Sara Jensen Carr, Assistant Professor in the School of Architecture, has been contributing to the important conversations surrounding the coronavirus pandemic, sharing her valuable insight from a design perspective. As the virus continues to spread, and as cities around the world continue to shut down, many architecture and design experts are exploring the relationship between disease and public space – and the potential value of physical spaces, like public parks, during an epidemic.
Professor Carr’s upcoming book, The Topography of Wellness: Health and the American Urban Landscape, dives into a similar topic, examining landscape responses to six historical urban epidemics and the implication for current and future practice. She has been able to apply this research – as well as her broader research about the connections between landscape, human health, urban ecology, and design – to current discussions taking place as the world continues to respond to, and find ways to prevent the increased spread of, coronavirus.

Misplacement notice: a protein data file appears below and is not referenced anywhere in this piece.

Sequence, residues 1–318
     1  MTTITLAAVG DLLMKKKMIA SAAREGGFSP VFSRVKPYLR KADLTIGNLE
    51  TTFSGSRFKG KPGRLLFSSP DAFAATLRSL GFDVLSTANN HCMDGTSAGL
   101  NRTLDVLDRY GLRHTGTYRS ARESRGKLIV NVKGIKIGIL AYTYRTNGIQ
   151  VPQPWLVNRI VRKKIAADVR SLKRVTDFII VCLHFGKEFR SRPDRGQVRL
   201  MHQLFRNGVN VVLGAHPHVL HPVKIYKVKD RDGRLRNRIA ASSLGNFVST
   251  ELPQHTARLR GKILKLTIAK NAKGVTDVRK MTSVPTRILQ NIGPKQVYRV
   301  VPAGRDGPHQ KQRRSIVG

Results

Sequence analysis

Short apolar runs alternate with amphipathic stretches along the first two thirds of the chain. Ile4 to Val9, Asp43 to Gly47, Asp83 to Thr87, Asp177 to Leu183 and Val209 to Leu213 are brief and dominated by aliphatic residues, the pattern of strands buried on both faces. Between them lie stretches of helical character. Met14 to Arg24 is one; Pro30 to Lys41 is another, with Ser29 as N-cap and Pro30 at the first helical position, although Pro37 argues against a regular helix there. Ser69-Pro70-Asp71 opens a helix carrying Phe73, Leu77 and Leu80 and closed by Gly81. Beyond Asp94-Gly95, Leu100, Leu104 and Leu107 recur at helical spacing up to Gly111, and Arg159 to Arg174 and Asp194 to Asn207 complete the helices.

Her contributions have been featured in the following:
The New York Times
Density Is Normally Good for Us. That Will Be True After Coronavirus, Too.
How we can redesign cities to fight future pandemics
The Boston Globe
Cities in the age of coronavirus, and after
Disruptive social distancing for another 12 months
Landscape Architecture Magazine
In Public: Honolulu
WNYC’s The Takeaway
Is the Coronavirus Changing How We Look At Public Spaces?
The Topography of Wellness: Health and the American Urban Landscape is being released next year from the University of Virginia Press. In 2019, Professor Carr won a Graham Foundation grant to support the book. Last year, she was also recognized as the first recipient of the biennial Oregon | Places Prize from the University of Oregon in partnership with Places Journal.